The experiences of people with disabilities seeking employment in an urban and suburban setting (e.g., City of Ottawa) can differ vastly from those in a rural setting as the level of access to supports in each municipal centre varies widely. For example, rural community members with disabilities face a higher burden accessing transportation, simply because the transportation infrastructure may not be as readily available or widespread as it is in a larger urban centre. 

Some of the major barriers to employment for people with disabilities in the urban or suburban areas of Ottawa include the increased preference for bilingualism in jobs and services and a greater demand for post-secondary degrees to access employment (which may be attributable to the high concentration of post-secondary institutions in Ottawa as compared to the other communities)  

Whereas in our rural communities, we learned some of the major barriers (outside of transportation) include limited access to work opportunities as well as an aging population (compared to Ottawa, which tends to have a younger population). 

How can employers leverage these learnings to attract a broader, more diverse talent pool as we look toward an equitable economic recovery?

  • Engage with local networks like EARN, to learn from other employers and community partners, and to actively recruit from underrepresented groups, such as people with disabilities.  
  • Be open about and share your inclusive and accessible policies and practices upfront. People are more likely to seek employment where they know they will feel supported and safe.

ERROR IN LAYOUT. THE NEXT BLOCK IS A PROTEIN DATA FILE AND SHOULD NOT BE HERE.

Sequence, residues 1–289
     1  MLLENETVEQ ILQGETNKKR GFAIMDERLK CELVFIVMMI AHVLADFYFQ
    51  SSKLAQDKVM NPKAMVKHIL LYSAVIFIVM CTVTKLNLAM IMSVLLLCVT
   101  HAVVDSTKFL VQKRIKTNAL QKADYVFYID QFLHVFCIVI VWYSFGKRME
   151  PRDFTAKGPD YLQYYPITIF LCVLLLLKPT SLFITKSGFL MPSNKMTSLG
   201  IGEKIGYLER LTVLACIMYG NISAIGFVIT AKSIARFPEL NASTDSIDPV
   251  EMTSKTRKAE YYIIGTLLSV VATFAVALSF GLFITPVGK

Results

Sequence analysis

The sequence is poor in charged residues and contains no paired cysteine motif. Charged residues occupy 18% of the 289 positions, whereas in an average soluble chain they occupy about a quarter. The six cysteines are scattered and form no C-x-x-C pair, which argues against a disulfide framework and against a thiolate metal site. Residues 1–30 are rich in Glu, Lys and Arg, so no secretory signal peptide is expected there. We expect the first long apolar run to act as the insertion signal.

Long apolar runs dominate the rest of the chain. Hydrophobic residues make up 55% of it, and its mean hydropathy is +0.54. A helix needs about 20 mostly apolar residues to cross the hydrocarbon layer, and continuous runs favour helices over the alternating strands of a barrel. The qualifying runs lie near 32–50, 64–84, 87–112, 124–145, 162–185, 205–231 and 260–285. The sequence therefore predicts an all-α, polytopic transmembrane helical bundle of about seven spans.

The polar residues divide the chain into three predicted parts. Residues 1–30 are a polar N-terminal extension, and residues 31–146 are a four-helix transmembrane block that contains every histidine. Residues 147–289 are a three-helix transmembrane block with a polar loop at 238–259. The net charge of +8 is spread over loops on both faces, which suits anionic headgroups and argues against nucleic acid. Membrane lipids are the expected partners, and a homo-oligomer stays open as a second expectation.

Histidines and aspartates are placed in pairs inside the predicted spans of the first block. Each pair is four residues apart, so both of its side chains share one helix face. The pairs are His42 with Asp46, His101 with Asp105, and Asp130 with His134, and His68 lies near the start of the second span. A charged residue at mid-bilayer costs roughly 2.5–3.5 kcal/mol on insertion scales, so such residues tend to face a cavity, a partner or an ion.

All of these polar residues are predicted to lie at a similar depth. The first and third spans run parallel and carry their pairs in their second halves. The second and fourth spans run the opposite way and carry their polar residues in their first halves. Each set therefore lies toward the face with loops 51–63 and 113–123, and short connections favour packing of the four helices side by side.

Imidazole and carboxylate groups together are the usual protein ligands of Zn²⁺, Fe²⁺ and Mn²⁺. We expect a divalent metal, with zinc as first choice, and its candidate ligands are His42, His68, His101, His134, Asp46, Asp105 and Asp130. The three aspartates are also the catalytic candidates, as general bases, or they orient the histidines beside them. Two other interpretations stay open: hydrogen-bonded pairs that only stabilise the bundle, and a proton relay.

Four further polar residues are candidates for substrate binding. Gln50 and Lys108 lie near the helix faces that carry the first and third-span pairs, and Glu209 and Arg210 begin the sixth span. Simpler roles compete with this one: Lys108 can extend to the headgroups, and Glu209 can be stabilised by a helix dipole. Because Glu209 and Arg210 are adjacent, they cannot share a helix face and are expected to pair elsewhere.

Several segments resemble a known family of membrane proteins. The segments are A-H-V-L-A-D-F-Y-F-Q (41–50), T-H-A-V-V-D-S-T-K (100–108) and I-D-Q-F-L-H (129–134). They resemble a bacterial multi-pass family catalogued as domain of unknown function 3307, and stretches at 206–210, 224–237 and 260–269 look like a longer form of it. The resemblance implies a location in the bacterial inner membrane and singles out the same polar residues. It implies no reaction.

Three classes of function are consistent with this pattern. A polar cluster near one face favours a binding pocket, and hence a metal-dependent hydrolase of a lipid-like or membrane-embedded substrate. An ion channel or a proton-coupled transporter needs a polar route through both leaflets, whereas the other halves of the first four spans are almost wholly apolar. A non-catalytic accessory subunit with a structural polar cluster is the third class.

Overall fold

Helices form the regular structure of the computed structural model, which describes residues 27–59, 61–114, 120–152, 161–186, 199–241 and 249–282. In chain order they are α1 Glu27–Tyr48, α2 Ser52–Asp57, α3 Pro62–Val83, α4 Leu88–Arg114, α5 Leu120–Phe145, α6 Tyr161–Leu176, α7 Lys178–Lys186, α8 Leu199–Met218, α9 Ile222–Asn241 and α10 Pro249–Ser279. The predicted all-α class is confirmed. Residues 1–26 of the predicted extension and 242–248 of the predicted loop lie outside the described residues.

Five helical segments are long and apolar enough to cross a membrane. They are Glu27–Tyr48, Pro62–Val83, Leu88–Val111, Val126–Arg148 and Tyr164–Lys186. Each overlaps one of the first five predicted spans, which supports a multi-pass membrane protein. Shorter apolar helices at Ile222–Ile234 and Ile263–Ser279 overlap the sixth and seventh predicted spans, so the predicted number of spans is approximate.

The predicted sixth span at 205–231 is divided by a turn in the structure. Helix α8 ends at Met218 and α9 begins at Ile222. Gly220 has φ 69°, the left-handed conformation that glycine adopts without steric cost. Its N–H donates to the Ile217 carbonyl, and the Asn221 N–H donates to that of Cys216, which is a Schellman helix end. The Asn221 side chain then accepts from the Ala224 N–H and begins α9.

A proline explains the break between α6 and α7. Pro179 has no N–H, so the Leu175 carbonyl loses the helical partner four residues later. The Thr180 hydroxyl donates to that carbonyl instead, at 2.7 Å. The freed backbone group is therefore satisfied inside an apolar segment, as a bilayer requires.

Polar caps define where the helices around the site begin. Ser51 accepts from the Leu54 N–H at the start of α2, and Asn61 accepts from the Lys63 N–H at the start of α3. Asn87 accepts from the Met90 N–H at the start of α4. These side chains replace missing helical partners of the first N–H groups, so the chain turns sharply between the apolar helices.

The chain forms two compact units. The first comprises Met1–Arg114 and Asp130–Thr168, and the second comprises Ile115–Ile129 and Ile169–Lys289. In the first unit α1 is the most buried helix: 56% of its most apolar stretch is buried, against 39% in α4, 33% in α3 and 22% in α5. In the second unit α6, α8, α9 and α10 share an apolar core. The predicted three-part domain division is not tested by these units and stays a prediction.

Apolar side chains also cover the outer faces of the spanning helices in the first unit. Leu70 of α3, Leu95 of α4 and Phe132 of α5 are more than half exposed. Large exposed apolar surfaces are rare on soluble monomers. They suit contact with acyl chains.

• Evaluate current recruitment practices to identify barriers to employment for persons with disabilities. Seeking feedback from current employees, other employers, and community experts can help guide systemic change and provide insights and actionable steps that can help in creating a more accessible, accommodating, and inclusive work environment for everyone.   
  • Expand disability, accessibility, and inclusion efforts beyond recruitment to ensure that the organization is equally committed to supporting, retaining, and promoting employees with disabilities throughout their careers. EARN’s Shaping Accessible Employment Practices Workshop series provides a foundation to this work 

What is United Way East Ontario and EARN committed to doing with the learnings? 

At United Way, we are committed to continuing our ongoing work to break down the barriers to employment by continuing to convene the community through the EARN initiative to support employer education, accessibility, and workplace inclusion across East Ontario. 

We will leverage our networks to coordinate feedback from the community to continue advocacy work around employment and barriers to employment – informing all levels of government of these important pieces. 

We will promote and offer the Shaping Accessible Employment Practices Workshop Series that will help employers to become more inclusive and accessible in their recruitment and employment practices. 

We will also support Community Wealth Building (CWB) strategies inclusive of people with disabilities as we look to an equitable economic recovery from the impacts of COVID19. This could include investing in social enterprises that increase employment for people with disabilities, building community capacity to use CWB practices including Social Procurement, and Community Benefit Agreements that support an inclusive and equitable economic recovery and growth. 

You can also download the full environmental scan if you are interested in digging deeper into our research. 




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The partnership between LiveWorkPlay and United Way, through the Employment Accessibility Resource Network (EARN), demonstrates the positive change that can be achieved when organizations join forces to promote inclusivity.